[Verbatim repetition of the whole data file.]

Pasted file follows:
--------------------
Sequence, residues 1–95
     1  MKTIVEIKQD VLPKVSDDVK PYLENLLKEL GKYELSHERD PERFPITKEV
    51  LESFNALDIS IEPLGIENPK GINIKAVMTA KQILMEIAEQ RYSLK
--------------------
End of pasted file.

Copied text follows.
Sequence, residues 1–95
     1  MKTIVEIKQD VLPKVSDDVK PYLENLLKEL GKYELSHERD PERFPITKEV
    51  LESFNALDIS IEPLGIENPK GINIKAVMTA KQILMEIAEQ RYSLK